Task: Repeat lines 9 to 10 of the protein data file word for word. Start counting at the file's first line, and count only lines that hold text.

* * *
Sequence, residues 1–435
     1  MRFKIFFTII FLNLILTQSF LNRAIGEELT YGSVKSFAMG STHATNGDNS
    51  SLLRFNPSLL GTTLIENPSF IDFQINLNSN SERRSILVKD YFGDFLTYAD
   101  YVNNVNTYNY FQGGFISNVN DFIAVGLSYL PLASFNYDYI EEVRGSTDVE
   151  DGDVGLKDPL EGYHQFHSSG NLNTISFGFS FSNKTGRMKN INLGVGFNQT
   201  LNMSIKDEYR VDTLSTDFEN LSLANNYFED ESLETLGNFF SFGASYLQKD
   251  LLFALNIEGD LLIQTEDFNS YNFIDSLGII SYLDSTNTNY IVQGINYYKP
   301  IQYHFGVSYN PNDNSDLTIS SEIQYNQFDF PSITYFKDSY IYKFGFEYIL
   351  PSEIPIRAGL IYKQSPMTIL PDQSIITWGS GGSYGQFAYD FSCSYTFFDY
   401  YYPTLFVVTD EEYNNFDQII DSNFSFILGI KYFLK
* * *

   351  PSEIPIRAGL IYKQSPMTIL PDQSIITWGS GGSYGQFAYD FSCSYTFFDY
   401  YYPTLFVVTD EEYNNFDQII DSNFSFILGI KYFLK